Two Christina board members to revisit charter moratorium request

Jarek Rutz Economy, Education, Headlines

Charter Schools

Christina School District Board member Naveed Baqir and Donald Patton want to readdress the vote to put a moratorium on new or expanding charter schools.

Two Christina School Board members have asked the board to revisit its request for a moratorium on new charter schools in the state.

Dr. Naveed Baqir, who voted against the moratorium, will speak out against it during Tuesday’s board meeting. 

Board member Donald Patton, who also voted against the moratorium, plans to provide support for Baqir during his presentation. 

Patton said he believes that the motion to pass it was rooted in the district’s fear of losing students to charter schools. He said 7,434 students have left Christina School District over the past year to attend school elsewhere.  

Efforts were unsuccessful to reach other school members or the system’s public information officer.

Four members voted Feb. 8 to pass the moratorium, which would also prohibit the expansion of existing charter schools. Baqir and Patton voted against it. One member was not present. 

Baqir believes the board is sending the message that if they had their way, they would shut down other schools. 

“It is important that we compete on the merit of our own accomplishments and achievements,” said Baqir. “We aren’t perfect. We have deficiencies and we can work on them.”

Baqir called the vote “100% political theater.” 

RELATED: Christina School District asks for moratorium on new, expanding charter schools

For one thing, he said, Christina’s School Board’s vote means nothing unless a legislator adopts their statewide moratorium request and turns it into a bill that passes the Legislature and is signed by the governor. That has not happened in the month since their vote.

“I just don’t think that the Board of Education is a platform to express dissatisfaction with charters,” he said, “or seeing charters as the only problem with the education system that we have in the state of Delaware.”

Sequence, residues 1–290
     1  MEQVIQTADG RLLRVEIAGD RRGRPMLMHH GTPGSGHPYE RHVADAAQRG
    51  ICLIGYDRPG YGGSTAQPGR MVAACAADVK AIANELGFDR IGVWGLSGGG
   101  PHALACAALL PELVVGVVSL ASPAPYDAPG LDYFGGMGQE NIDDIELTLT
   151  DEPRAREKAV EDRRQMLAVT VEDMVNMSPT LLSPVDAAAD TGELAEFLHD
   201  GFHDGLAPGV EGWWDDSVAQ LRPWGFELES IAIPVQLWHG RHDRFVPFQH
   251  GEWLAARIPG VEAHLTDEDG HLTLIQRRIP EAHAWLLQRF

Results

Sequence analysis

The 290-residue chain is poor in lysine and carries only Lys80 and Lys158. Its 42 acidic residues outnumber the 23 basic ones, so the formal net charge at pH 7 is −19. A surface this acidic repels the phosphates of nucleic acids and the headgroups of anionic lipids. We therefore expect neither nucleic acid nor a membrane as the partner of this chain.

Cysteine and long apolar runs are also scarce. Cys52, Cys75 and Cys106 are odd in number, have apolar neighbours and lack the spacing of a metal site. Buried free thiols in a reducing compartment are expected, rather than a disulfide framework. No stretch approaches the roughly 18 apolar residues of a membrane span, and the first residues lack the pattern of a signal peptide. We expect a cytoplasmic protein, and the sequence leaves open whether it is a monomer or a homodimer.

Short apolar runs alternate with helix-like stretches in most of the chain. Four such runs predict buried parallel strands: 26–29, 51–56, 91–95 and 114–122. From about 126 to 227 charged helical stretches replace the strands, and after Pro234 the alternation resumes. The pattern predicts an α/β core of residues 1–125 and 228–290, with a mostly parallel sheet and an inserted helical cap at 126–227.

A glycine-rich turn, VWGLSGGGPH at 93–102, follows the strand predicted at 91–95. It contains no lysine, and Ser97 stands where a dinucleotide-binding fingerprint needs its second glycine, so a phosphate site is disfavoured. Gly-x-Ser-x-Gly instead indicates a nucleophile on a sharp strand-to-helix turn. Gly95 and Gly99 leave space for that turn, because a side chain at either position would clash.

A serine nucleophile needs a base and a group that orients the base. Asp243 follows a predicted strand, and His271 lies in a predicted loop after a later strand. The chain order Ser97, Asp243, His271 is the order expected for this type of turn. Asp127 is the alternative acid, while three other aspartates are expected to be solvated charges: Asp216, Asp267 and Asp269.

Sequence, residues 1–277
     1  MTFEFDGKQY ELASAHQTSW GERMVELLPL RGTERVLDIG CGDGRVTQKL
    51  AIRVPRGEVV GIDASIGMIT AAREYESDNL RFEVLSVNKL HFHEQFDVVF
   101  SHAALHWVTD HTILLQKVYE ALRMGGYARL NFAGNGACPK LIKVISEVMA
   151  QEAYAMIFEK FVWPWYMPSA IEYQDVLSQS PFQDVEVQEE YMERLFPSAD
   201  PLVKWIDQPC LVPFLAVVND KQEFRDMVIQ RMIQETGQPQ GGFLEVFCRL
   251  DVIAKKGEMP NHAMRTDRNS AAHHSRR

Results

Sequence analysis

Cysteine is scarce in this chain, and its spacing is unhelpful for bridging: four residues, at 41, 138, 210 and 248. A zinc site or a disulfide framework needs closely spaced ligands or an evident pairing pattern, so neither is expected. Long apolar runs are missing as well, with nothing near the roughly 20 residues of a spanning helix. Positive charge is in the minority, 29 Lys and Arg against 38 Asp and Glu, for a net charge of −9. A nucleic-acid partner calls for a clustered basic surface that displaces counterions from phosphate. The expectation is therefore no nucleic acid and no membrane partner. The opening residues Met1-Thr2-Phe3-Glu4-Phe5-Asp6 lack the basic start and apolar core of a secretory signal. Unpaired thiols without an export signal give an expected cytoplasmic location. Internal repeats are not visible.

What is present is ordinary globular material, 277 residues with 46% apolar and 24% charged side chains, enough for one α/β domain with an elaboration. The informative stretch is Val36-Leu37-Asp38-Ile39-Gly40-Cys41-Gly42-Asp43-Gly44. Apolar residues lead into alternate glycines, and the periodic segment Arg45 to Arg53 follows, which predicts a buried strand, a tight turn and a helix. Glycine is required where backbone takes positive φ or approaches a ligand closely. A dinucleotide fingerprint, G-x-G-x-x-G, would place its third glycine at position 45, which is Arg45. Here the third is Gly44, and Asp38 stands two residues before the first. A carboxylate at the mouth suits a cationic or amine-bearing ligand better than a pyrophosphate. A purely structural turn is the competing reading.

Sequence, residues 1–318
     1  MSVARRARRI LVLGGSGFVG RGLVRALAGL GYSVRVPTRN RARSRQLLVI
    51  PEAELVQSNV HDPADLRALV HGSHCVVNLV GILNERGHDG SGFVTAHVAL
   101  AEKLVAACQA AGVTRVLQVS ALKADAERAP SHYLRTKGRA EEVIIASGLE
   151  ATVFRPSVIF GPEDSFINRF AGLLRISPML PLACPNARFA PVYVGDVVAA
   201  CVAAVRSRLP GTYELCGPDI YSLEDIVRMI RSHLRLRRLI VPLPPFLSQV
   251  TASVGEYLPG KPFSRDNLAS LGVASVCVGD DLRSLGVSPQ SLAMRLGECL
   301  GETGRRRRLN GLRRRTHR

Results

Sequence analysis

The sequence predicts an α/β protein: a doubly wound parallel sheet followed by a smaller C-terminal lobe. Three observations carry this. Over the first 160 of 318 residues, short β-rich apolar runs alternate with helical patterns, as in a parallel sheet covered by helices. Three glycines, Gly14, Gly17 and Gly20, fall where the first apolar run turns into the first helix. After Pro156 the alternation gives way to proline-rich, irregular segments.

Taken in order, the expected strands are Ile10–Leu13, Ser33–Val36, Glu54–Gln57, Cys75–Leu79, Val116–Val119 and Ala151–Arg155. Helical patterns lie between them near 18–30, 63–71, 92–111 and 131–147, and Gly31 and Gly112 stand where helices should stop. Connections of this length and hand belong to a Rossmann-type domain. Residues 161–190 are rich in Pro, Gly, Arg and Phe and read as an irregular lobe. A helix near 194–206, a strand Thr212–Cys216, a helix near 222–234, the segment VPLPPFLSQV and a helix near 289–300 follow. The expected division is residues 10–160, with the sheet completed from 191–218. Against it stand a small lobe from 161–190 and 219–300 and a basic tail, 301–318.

He cited charter schools’ high level of academic achievement and the growing language inclusivity as points in their favor. 

Baqir said the moratorium is the wrong focus for the Board when there are larger problems, including segregation and education equality. 

Those who voted to temporarily prohibit the expansion and creation of charter schools pointed to the need for the school district to see how Gov. John Carney’s proposed Wilmington Learning collaborative and others, will develop.

That program is asking three school districts, including Christina, that have a small number of city students to form a program that will oversee only the Wilmington students in their districts.

Many city students have far different backgrounds and experiences than the rest of their suburban peers. When a district has to make program decisions, Carney has said, they must make them for the mainstream, which means programs and rules often skew suburban.

The board members who voted for the moratorium also want districts to be able to better understand improvement proposals from the Redding Consortium for Equal Education. That group wants to help Delaware’s poor and disadvantaged students.

Baqir doesn’t think that’s reason enough to stop charters.

He supports the learning collaborative, but would like to see it also include the high school level rather than focusing only on kindergarten through eighth grade.

“For the last 40 years, every single school district in the city of Wilmington had an opportunity to fix the problems and didn’t,” he said. 

Patton’s distaste for the moratorium stems from his belief that the only people who have any right to tell a child where to go to school are his/her parents.

“I am totally opposed to anything that impedes a parent’s decision to put their kids at a place where they believe their child has the best shot at success,” Patton said. 

He said the board is putting up a “facade” and acting like “dictators” to conceal the district’s real concern: students exiting Christina School District to attend charters.

“We are ruffling feathers of people who have already chosen where they want their kid to go,” said Patton. “We are saying to them that their choice is wrong and we are acting like we know what’s best for them and their children.”

The Christina meeting will be livestreamed here.

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